Simply put, Adrian Belew is one of the most perplexing musicians on Earth. He’s one of recorded music’s most innovative and versatile guitarists, bringing his unorthodox, effects-driven style to some of progressive rock’s all-time classics as frontman for King Crimson. And as a studio musician and supporting player, he’s added his unmistakable touch to a variety of beloved (and shockingly eclectic) projects.
That’s his faulty modem guitar explosion that radiates during the climax of Talking Heads’ classic “Born Under Punches (The Heat Goes On).” That’s his co-writing credit on the funky Tom Tom Club anthem “Genius of Love” (later sampled by Mariah Carey). Belew added a layer of worldly weirdness to Paul Simon’s iconic Graceland. He studied under Frank Zappa, produced a crossover Christian hit single (Jars of Clay’s “Flood”), collaborated with Trent Reznor and Laurie Anderson, and very nearly replaced David Byrne as Talking Heads frontman during a time of band unrest.
It’s a strange place—worshipped by prog rockers, revered by critics, and virtually unknown to the public at large. His early solo albums, starting with 1982’s Lone Rhino, were probably the exact opposite of what most fans expected, or wanted. His work in King Crimson—that sweet, billowing tenor; his way with a soothing (if slightly strange) ballad—proved he was more than just a restless experimenter, but his solo albums have been more melodic and song-focused, showing off his inner Beatles fetish and downplaying his more extreme eccentricities.
His more recent solo work still follows a more linear path, but none of his projects are lacking in ambition. He founded the Adrian Belew Power Trio after a rousing jam session with two students (brother and sister bass/drums duo Julie and Eric Slick) at Peter Green’s revered School of Rock. As a trio, they absolutely command the stage, Belew often grinning ear-to-ear while his much younger cohorts dazzle with youthful glee as they try to keep up with the maestro.
Belew, in his home studio in the Nashville suburb Mt. Juliet, is currently juggling a variety of projects, one of which is a new solo studio album, his first since 2006’s Side Three. As usual, Belew is playing every instrument, writing every note, and isolating himself in the luxury of his own sonic laboratory, where he’s never more than a staircase away from a stunning amount of instruments (drum kits, effects pedals, synthesizers) and where an off-kilter pop song or lavish guitar epic is always brewing. But it’s a busy time of year for plenty of other reasons.
“I just returned from doing a band camp with [King Crimson bandmates] Tony Levin and Pat Mastelotto for a week in upstate New York at the Full Moon Resort, and that went really, really well,” he says. “Now I’m preparing to go next to Champaign-Urbana, Illinois to the be keynote speaker at the Ellnora Guitar Festival there. I’m also going to have a showing in the art cinema of my latest DVD of me playing with the orchestra, which is called E for Orchestra, so I suppose, yeah, I am a pretty busy man!”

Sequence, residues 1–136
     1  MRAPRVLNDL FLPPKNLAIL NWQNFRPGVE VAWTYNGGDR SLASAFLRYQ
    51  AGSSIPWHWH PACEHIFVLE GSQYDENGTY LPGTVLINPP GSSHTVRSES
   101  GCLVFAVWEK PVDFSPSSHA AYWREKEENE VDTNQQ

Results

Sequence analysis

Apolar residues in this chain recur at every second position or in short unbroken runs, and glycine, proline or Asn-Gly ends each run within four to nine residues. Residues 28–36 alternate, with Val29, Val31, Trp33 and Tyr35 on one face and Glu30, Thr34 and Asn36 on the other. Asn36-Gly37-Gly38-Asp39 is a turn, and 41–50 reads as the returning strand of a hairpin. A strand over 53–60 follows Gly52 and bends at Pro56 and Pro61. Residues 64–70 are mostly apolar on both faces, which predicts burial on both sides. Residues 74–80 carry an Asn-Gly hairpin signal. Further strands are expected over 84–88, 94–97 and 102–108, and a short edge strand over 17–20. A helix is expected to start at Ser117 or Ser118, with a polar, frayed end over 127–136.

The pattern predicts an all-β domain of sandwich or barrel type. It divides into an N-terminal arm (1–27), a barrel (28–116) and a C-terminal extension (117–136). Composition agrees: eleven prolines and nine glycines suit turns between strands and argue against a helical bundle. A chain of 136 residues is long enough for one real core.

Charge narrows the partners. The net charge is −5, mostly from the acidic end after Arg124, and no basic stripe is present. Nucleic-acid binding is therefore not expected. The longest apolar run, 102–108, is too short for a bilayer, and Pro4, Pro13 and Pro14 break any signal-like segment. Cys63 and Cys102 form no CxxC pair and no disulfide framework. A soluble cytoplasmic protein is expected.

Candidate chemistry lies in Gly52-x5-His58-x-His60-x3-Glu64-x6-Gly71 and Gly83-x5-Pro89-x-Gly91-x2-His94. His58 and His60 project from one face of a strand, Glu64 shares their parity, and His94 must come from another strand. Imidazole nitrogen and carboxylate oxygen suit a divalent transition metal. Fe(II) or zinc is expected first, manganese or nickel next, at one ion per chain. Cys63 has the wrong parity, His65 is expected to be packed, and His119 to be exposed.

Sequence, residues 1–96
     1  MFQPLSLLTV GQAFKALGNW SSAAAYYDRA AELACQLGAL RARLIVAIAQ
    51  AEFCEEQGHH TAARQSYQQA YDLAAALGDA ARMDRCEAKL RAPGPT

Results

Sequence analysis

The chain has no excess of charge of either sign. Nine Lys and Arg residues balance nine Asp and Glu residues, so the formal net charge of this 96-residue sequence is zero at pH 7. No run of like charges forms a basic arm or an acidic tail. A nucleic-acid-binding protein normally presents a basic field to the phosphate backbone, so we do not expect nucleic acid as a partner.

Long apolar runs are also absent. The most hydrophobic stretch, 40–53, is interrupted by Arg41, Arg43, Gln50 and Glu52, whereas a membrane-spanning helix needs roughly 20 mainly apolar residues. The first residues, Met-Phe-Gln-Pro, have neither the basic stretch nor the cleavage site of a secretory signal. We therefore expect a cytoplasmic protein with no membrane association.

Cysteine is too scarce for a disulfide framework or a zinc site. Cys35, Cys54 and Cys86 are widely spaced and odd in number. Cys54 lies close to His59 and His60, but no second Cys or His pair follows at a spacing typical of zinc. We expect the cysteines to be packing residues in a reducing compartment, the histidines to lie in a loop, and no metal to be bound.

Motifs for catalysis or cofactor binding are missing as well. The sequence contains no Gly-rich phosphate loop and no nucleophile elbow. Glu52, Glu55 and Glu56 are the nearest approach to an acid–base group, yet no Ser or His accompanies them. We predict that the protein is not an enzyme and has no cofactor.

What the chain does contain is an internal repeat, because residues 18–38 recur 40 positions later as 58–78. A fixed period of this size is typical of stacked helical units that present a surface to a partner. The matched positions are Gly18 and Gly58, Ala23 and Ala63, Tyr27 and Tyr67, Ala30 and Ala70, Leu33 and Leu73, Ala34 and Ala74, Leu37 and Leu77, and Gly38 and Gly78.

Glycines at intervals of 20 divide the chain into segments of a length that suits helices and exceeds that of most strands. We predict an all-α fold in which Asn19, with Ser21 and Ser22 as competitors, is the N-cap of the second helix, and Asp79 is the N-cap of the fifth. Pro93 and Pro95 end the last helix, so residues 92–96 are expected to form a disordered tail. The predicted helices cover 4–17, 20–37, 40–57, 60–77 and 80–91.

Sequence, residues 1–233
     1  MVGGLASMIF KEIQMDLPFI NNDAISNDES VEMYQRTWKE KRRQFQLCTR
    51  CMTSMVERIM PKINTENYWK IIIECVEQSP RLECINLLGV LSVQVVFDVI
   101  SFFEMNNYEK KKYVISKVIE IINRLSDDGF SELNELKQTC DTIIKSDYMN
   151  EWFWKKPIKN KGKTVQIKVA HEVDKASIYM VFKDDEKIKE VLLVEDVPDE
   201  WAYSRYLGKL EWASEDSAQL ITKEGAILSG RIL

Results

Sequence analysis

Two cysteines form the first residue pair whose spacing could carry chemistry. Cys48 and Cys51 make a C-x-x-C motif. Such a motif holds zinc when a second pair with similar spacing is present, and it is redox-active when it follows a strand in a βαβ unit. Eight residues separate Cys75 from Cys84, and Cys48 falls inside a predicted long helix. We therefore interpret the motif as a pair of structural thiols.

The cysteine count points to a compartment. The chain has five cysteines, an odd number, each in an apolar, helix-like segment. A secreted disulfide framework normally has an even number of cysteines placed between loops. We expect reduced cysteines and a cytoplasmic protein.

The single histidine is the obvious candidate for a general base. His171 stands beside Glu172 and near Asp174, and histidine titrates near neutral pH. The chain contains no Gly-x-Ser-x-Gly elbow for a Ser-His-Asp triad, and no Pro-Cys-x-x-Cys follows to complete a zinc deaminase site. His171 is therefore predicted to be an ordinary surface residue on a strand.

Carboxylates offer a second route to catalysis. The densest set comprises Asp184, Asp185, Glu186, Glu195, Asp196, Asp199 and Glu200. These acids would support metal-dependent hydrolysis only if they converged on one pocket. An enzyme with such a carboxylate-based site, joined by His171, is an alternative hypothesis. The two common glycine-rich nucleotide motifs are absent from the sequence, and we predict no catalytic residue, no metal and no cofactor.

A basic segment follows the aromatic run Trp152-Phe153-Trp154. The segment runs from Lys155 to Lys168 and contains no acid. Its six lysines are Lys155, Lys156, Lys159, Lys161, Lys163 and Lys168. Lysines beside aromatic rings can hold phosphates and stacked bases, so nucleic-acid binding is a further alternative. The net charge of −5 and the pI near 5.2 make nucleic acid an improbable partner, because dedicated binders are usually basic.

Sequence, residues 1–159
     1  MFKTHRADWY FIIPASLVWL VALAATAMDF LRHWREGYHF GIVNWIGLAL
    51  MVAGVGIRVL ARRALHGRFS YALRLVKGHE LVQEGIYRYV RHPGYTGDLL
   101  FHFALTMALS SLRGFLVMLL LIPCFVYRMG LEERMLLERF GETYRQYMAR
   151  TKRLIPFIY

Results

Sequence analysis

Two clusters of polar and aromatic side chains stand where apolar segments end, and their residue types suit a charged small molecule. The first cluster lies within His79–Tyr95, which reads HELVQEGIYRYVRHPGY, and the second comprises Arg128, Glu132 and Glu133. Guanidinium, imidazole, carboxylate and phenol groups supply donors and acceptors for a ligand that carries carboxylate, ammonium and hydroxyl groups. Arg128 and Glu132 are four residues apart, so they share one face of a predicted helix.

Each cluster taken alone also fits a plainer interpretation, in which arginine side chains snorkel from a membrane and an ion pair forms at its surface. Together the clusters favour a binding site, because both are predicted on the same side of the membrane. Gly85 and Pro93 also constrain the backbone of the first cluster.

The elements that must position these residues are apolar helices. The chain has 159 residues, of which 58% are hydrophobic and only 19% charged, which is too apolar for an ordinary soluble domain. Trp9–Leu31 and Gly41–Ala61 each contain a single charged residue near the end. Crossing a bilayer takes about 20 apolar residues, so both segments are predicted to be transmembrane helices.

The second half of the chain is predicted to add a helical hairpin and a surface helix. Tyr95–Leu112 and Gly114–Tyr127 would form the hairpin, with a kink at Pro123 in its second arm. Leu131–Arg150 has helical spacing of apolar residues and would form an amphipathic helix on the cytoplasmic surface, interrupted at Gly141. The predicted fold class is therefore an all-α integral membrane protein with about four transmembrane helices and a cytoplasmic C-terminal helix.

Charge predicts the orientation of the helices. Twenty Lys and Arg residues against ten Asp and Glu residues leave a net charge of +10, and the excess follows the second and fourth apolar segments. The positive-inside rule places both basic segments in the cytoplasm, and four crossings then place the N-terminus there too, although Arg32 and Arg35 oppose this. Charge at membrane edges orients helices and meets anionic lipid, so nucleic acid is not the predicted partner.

Besides the new music and the speech and the promotion of his new DVD, Belew somehow found time to coordinate the Two of a Perfect Trio tour, which melds the talents of the hard-hitting Adrian Belew Power Trio with Stick Men (featuring two Crimson members, bassist Levin and drummer Mastelotto). The Power Trio plays a set, followed by a Stick Men set, and eventually the two join for a double-trio encore designed to give the hardcore fans what they want most.
“It’s the next best thing to seeing King Crimson!” Belew says.
And he’s pretty much right on the money. During the ’90s, under the guidance of guitarist/leader Robert Fripp, Crimson expanded to a double-trio line-up—but due to scheduling and artistic conflicts, the music was never performed live in that format. This new “Crim-Centric” formation has now played one show, “and the audience went absolutely crazy on that first attempt,” Belew says.
Though King Crimson have played shows as recently as 2008, the band is currently in a transitional phase.
“I’m waiting for Robert to decide what he wants to do, as is the whole band,” he says. “We follow his vision of what to do next. He won’t be doing anything musical for the next two years. He’s involved in litigation for old money owed to the band, and he said, ‘I’m not going to be doing anything, but I’ll let you know.’”
No sweat for Belew—in fact, he’s more than happy to carry on playing the material in any format. Some musicians would get annoyed by all the fan requests to play his more famous band’s music. Belew, on the other hand, is equally in awe of the music King Crimson has created, and he’s willing to twist what could be viewed as coincidence into fate.
“It’s the 30th anniversary of me and Tony joining the band,” he says. “After we played it the first time, we kind of thought, ‘This is kind of a greatest-hits record—the greatest hits that never were!’”